'There are some calls that stick with you': A dramatic increase in mental health disability claims amongst first responders
First responders, like paramedics, firefighters, and police officers say they often deal with mental health challenges.
Every day, they walk into unknown situations that can vary from something light to something traumatic.
"It’s a very heavy responsibility, the trust that the public puts in you," said Jesse Krusky, a paramedic with Guelph-Wellington.
Krusky has been a paramedic for ten years. He said he got into the field because he loves helping people, but often times, it can but a strain on his mental health.
"I've struggled with [post-traumatic stress disorder] for sure and depression throughout my career. It does take a toll on you, for sure," he said.
According to the Centre for Suicide Prevention, first responders experience post-traumatic stress disorder (PTSD) two times as often as the average population.
"There are some calls that stand out, there are some calls that stick with you," said chief Richard Hepditch, with the Waterloo Fire Department. "It depends on what a person sees, how they're feeling and so forth. Everyone has a different threshold and sometimes on a different day. So the impact can be long lasting, it can short term, and it could also be something that a person does carry with them for a long time."
MENTAL HEALTH SUPPORTS
Experts believe the COVID-19 pandemic has intensified mental health challenges. A psychologist with the Ontario Provincial Police said lockdowns and restrictions have taken away coping outlets that many people turn to in times of need.
It’s why mental health experts say it’s important to regularly talk about mental health.
Vivien Lee, the chief psychologist with the OPP said she often sees an absorbing of suffering overtime.
"I compare it to a sponge," Lee said. "Each call [first responders] go to, each person they interact with can be a drop of water in the sponge. You can go for a long time, you can absorb a whole lot of water, or in this case suffering from other people. And if you're not ringing out the sponge on a regular basis, it can really hit this point where you can’t absorb anymore."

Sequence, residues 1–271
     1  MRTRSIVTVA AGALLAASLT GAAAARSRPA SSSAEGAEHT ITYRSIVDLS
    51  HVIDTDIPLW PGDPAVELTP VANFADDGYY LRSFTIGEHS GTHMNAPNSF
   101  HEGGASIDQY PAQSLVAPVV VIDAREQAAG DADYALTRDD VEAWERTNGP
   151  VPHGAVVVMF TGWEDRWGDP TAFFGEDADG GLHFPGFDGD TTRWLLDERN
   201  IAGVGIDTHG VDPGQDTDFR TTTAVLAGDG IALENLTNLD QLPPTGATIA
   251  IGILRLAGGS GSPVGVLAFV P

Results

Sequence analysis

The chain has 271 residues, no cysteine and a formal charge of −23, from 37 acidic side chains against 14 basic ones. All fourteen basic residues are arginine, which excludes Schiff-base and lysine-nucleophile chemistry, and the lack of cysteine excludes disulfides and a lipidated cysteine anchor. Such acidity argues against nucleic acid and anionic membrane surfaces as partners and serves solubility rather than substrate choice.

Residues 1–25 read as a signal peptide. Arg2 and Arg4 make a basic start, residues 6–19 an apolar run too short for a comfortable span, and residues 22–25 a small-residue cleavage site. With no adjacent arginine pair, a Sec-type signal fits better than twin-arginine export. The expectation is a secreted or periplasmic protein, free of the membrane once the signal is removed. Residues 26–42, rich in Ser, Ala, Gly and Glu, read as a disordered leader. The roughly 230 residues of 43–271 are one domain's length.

"Whereas, if you’re aware of what’s happening and you’re actively engaging in your normal healthy coping and talking about the circumstances when they happen and they’re bothering you, then you can help ring out the sponge and you continue functioning over time."
Many departments, including Waterloo Fire, have resources and supports in place for crews to have open discussions following traumatic experiences.
"It’s led by our staff in most cases, if not at all, to ensure resilient minds and the wellbeing of our team," said chief Hepditch. "We have staff that are trained to recognize the effects and impacts of a difficult call or situation. When they do return from a significant call, the telephone calls are made, conversations are had, check-ins take place."
Krusky said what’s helped him is having conversations with those around him.
"Its so important to living a healthy and balanced life, and more importantly a sustained life."
SUBMITTING A MENTAL HEALTH DISABILITY CLAIM
According to Kotak Personal Injury Law, there has been a dramatic increase in the number of disability claims for PTSD and workplace burnouts from first responders since the start of the pandemic.
"I'm seeing with first responders at least a 50 to 70 per cent increase in claims that are coming across my desk," said Nainesh Kotak, founder of Kotak Personal Injury Law.
Kotak said the majority of the time, mental health disability claims are denied.
"The basis of the denial is that there is insufficient medical evidence. This is an easy way for insurance companies to deny claims," Kotak told CTV News.
He said proving a mental illness claim is much more difficult than proving a physical disability complaint, as it solely relies on subjective discussions between patient and doctor.
"You have to get your family doctor to become an ally," Kotak said on ways to getting a claim approved.
He said in order to do that, every time someone goes to the doctor, the physician will write down what the complaints are. If the issue isn't talked about, there won’t be a documented report of the complaints.
To make a disability claim, there are three components to the application:
- The employee statement, which are the symptoms the worker is suffering from
- The employer statement, which outlines income and the last day the employee worked
- The physician statement, which is based on the symptoms described by patient
"The physician will have to set up a diagnosis and the impairments in terms of the ability to work at one’s job," Kotak explained.
Kotak said if a disability claim is denied, insurance companies often give an option for an internal appeal process. He also said individuals can reach out for legal support where litigation will be made against the insurance company.
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